Anna King Shahab goes in search of the best sarnies in and around Auckland City.

Eat My Lunch and one of its key suppliers, Farmland Foods are teaming up on May 16 to host the ultimate sandwich-making contest.

Bloggers and chefs will have a set amount to spend on ingredients, then battle it out to construct the winning sandwich, judged by Eat My Lunch's Michael Meredith. Which got us thinking about the humble sandwich and how darn good it can be. Like all of us, Meredith has a few favourites when it comes to layering the perfect sandwich.

"I love good pickles and condiments and some vegetables - tomatoes, cucumbers, avocados are a must," he says. "I also love halloumi, Swiss cheese or mozzarella. For the meats, I love a mild salami, mortadella or something smoked. And, of course, leftovers from the night before, with horseradish and wholegrain mustard or mayonnaise is delicious."

One of the marvellous things about sandwiches is the many guises they can take. The basic tenet of carbs surrounding a tasty filling allows for endless translations, and it's great to see influences from many cuisines stake their place on the sandwich scene these days - that said, there'll always be a place in our hearts for the perfect cucumber club.


In celebration of the humble hunger-buster, we've put together a guide of some of our favourite sandwiches in the city.


A Hawker + Roll concoction leaves your mouth watering.
A Hawker + Roll concoction leaves your mouth watering.

Evidence that the sandwich world can (and should) evolve can be witnessed it the hawker rolls that fly out of the kitchens at Madam Woo and Hawker + Roll. Chef and co-owner Josh Emett says of the essentially hybridised offering, "I had a habit of ordering beef rendang and wrapping it in roti, so the hawker roll is my translation of that, blending Malaysian flavours with the iconic flaky roti in one delicious mouthful." Their seven different filling options include percik chicken and sticky spiced pork, or vegetarian fillings like soy and sesame eggplant or dahl and cauliflower, with bedmates like pickled cucumber, lettuce, chilli and spring onion.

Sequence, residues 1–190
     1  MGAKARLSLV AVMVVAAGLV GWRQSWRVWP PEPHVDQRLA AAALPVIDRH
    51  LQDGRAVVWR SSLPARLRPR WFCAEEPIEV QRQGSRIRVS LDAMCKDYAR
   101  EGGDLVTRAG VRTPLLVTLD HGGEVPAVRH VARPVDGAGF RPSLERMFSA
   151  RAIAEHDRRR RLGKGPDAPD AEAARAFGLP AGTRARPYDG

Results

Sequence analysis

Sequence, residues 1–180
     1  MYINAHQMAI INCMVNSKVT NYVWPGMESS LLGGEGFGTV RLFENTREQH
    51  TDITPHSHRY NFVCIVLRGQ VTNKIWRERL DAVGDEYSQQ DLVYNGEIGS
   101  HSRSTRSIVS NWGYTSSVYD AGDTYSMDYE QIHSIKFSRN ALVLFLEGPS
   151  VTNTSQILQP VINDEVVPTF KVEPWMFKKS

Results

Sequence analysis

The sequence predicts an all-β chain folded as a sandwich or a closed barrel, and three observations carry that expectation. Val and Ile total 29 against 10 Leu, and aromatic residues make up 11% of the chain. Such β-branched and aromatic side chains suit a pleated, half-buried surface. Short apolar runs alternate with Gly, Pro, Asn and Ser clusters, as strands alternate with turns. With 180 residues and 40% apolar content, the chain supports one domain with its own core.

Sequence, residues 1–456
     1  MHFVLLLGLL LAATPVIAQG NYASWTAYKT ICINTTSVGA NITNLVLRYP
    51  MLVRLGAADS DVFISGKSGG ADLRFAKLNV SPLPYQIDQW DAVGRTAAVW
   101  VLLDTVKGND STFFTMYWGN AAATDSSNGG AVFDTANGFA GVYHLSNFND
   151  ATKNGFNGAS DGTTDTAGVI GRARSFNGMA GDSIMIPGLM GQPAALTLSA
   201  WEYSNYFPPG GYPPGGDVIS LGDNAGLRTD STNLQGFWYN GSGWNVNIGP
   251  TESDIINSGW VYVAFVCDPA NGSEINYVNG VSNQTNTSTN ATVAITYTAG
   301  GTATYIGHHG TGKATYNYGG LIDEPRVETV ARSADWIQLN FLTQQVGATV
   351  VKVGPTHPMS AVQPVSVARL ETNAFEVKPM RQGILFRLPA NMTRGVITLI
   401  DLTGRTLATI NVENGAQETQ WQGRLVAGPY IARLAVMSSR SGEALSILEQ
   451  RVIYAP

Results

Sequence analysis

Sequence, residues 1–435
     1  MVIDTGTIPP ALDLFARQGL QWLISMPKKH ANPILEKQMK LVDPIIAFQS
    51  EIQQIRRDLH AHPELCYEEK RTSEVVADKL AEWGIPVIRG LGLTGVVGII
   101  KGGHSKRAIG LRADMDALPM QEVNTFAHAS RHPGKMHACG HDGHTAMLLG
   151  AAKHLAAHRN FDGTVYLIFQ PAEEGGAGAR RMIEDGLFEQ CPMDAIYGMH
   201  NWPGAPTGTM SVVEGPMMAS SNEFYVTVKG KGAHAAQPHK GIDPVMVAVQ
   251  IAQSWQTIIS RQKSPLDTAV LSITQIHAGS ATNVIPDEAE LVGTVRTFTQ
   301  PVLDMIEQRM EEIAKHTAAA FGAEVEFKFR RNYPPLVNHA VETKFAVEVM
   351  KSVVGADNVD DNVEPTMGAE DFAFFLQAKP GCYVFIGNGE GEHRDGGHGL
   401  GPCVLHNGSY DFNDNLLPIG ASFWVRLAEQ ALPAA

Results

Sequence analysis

Shawarma from Petra Shawarm.
Shawarma from Petra Shawarm.

Jordanians are masters of stuffing pita with succulent, spiced, grilled meat, so you can trust that the ex-pat Jordanian Omar sisters at Petra Shawarma know how to roll. They keep their rolls simple: fragrant and moist grilled chicken, lamb or falafel with hummus and pickle, and leave the salad on the side, which is where it should be in this situation.


The owner-operators of Fort Greene are up before the birds to bake the bread that's the foundation of their impressive line-up of sandwiches, and they make as much possible of all their sandwich building blocks in-house. I maintain that there are just not enough Cuban sandwiches in this city, but hooray that a good one can be had at Fort Greene. Their versions pair free-range Cuban-style barbecued pork with spicy dill pickles, Swiss cheese, coriander mayo and lettuce.


A Reuben from Daily Bread.
A Reuben from Daily Bread.

The brisket-in-bread game is peaking right now, with several places excelling in the field. Daily Bread's reuben starts with their 100 per cent rye sourdough (for which the starter is 600 years old and the dough is proven for 48 hours). They then add wagyu pastrami cooked in the Kamado Joe grill, with sauerkraut, Mahoe gouda and Dijon mustard. Pastrami and Rye smoke their brisket then steam it leaving it oh-so-tender and - bonus - they take orders via their website or app. At The Grounds, Ben Bayly will fix you a sammie with your choice of house-made pastrami or corned beef. Those of us who grew up avoiding too-salty, dry corned beef should prepare to be amazed by the tender, flavoursome version, which he partly puts down to great product. (He sources his beef from Magills Butchery in his hometown, Te Awamutu, proudly family-owned and operated since 1939.)